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‘Don’t get caught out’: Travel-proofing your grey nomad adventure

7 min read
7 Nov 2022
grey nomads with grandchildren

With thousands of Aussies hitting the road each day in caravans and campervans, Compare the Market is warning grey nomads to travel-proof their adventure or risk forking out more for their great Australian dream.

While this unique rite of passage seems as simple as securing a caravan or motorhome and setting away, there are many things you need to factor in to remain safe on the roads and ensure your usual home without wheels is protected when you’re not there.

From having the proper insurance to finding the best fuel deals and even keeping on top of bills when you’re exploring the country, Compare the Market’s General Manager of General Insurance, Adrian Taylor, says there are important things to consider before setting off on your adventure.

“Many of us spend years finding the perfect caravan or campervan, mapping out our journey and preparing for our escapades on the road, but we can fail to consider things that could leave us significantly out of pocket,” Mr Taylor says. “A bit of planning before your next road trip will ensure you not only have a great time on the road but you don’t get stung by any unexpected costs.

Adequately cover your caravan

While some comprehensive car insurance policies provide limited cover for caravans and trailers, this usually only applies when your car is towing the caravan and almost never covers your caravan for its total worth. However, there are options available.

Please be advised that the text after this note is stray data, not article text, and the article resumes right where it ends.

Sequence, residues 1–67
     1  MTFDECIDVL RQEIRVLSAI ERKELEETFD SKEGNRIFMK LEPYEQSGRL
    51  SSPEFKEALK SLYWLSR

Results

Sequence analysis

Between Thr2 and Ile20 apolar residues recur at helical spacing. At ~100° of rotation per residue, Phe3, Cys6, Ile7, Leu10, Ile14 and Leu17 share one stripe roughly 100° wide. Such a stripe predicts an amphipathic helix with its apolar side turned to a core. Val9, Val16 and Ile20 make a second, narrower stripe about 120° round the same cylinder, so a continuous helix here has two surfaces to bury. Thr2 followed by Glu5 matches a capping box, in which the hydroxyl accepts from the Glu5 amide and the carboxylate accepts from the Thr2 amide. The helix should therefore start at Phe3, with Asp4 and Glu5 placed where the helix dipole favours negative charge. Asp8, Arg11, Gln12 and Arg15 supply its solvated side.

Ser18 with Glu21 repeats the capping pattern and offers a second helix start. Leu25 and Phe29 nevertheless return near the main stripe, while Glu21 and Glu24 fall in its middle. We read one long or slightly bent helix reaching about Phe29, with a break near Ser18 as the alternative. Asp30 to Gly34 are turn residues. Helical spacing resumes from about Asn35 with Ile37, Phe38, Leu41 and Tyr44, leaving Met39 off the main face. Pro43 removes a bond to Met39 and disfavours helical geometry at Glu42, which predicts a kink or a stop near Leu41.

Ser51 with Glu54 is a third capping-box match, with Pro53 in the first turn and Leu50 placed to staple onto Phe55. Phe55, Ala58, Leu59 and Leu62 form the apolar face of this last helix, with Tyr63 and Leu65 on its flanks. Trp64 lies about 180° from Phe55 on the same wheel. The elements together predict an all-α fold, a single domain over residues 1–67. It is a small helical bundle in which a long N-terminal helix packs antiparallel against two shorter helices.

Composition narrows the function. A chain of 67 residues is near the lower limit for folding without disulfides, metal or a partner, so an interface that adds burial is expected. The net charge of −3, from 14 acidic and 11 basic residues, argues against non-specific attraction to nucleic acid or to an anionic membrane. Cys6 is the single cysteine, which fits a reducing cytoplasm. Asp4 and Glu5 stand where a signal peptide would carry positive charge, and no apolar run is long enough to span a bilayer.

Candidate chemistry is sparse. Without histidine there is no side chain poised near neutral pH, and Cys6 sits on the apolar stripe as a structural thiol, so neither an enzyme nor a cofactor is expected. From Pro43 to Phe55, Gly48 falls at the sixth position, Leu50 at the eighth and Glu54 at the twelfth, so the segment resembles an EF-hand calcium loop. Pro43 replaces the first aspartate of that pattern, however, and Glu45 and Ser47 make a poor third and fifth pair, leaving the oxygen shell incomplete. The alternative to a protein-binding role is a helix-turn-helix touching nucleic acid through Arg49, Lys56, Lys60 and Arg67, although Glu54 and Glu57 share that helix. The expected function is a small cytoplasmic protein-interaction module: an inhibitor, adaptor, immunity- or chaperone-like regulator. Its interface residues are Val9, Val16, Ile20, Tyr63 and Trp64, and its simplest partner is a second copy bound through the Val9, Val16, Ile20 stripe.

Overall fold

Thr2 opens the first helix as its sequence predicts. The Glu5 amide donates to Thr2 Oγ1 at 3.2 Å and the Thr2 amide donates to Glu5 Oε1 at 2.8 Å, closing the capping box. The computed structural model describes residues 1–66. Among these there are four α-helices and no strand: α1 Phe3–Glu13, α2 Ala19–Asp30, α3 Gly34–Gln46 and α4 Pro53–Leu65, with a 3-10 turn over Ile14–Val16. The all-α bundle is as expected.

“Some insurance companies offer specialised caravan insurance as a standalone policy, which can provide cover for accidental damage, theft, fire, storm and more. This is vital, especially when you’re driving in unfamiliar areas or on new roads,” Mr Taylor says.

“Your caravan or campervan is essentially your home away from home, so it makes sense to protect it. Some insurers will even allow you to personalise your cover with optional add-ons like contents cover, which gives you added peace of mind on the road. Always read the Product Disclosure Statement (PDS) to know all inclusions and exclusions. The last thing you want is to be underinsured when you need cover the most.”